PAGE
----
30. Building a Child’s Resources and Problem Solving Skills 5-7 Year Olds • Enjoy organized games and are very concerned about following rules. Play games with them that involve figuring things out and being creative • Are very imaginative and involved in fantasy playing. Create fantasy problems and have them use their imagination to figure them out • Are self-assertive, aggressive, boastful, want to be first, and are less cooperative than younger children. Help them see how to cooperate and build healthy friendships. • Learn best through active participation, let them do things hands on instead of lecturing to them

  31. Building a Child’s Resources and Problem Solving Skills 8-10 Year Olds • Can be very competitive. Help them learn what it means to compromise and cooperate. • Being accepted by friends becomes quite important. Help them learn what it means to be a good friend and how to choose good friends • Team games become popular. If they want, help them sign up for a local kids sports teams • Worshipping heroes, TV stars, and sports figures is common. Make sure they are not idolizing the wrong type of people

  32. Building a Child’s Resources and Problem Solving Skills 11-13 Year Olds • Cliques start to develop outside of school. Make sure they are choosing a group of friends that won’t get them in trouble • Friends set the general rule of behavior. If child is acting out find out reasons behind them • Feel a real need to conform. They dress and behave alike in order to “belong.” Make sure they are not emulating dress and actions of local gangs • Are very concerned about what others say and think of them. Help them see that their self esteem is not dependent on other people • Have a tendency to manipulate others (“Mary’s mother says she can go. Why can’t I?”). Don’t give into manipulation and hold firm to boundaries • Interested in earning own money. Help them get a job babysitting or doing a paper route or something suited to their skills and age

  33. Building a Child’s Resources and Problem Solving Skills 14-16 Year Old • Going to extremes, emotional instability. Be supportive of them even when they are having a teen crisis and make sure they know you are there for them not matter what the problem. • “know-it-all” attitude. Don’t solve their problems for them, but give them the tools to help them solve it themselves • Fear of ridicule and of being unpopular. Help them see that good friends are more important than always having the popular friends • Strong identification with an admired adult. Make sure they are admiring the right type of adult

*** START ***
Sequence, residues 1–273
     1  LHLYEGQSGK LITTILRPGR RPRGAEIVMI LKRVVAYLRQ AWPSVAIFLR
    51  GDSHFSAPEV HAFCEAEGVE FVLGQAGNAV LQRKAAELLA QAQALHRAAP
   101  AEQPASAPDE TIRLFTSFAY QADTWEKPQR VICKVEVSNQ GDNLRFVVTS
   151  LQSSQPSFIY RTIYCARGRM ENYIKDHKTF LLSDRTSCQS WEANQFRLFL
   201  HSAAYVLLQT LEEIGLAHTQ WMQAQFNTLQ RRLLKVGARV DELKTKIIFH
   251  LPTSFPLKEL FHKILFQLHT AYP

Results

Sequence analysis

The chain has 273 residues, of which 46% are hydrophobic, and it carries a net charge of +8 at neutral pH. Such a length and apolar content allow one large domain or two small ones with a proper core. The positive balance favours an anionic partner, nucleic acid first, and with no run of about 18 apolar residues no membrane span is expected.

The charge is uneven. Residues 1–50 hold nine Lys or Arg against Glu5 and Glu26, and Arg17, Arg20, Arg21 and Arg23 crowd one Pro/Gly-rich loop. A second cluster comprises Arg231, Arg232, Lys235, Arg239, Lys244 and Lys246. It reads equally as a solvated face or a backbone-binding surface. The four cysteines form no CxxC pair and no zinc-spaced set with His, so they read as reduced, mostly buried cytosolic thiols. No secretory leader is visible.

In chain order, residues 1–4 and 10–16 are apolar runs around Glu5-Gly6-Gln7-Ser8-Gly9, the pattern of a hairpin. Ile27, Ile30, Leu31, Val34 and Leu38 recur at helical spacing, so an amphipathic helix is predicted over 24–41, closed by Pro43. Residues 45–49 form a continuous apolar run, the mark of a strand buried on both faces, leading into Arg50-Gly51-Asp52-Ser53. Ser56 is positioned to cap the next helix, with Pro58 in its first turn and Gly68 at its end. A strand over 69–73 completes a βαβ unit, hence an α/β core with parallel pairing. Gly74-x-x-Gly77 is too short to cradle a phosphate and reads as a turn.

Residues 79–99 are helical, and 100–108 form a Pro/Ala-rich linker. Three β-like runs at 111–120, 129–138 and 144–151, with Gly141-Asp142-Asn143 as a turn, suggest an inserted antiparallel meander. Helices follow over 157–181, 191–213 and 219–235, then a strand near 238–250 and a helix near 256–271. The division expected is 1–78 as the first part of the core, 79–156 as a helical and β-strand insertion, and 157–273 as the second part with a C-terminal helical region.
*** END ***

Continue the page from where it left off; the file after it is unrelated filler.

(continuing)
34. What To Do If Gang Involvement is Feared If you are matched with a child that is showing some warning signs of being involved with a gang that doesn’t mean all is lost. If they are involved with a gang they need you now more than ever to be an example and a resource for the We have steps in place to help you talk with them and and still support them

  35. What To Do If Gang Involvement is Feared • How To Talk To Them: • Ask Questions –Not Yes and No questions, make them open-ended • Be Patient –Don’t Pressure, allow time, don’t interrupt • Listen Totally –Listen with your whole body • Be Aware- Look for hints that they are opening up to you totally • Seek Approval- Echo • Do not use gang nick-names

  36. What To Do if Gang Involvement is Feared • Your Match Support Specialist will help asses risk of meeting with Little based on level of child’s gang involvement • Child’s Relationship with Volunteer • Child’s level of aggression • Child’s neighborhood • Friends constantly hanging out with child • Even if meeting in person is not possible we still encourage you to maintain some form of contact • Letters • Phone • E-mail • Stay focused on their strengths and viewing them as an individual • The Match Support Specialist, Big, and parent should work together to help Little get involved in an intervention program

  37. Additional Resources • Your Match Support Specialist • Project 180 –Gang Intervention Kenny Dorrell, 801-654-0446 • Talking with Kids about violence • G.R.E.A.T. Program • National Crime Prevention Council: Teens, Crime, and the Community • National Gang Center • Latin American Youth Center • National Youth Violence Prevention Resource Center

  38. Thank You For Taking An Interest In Today’s Youth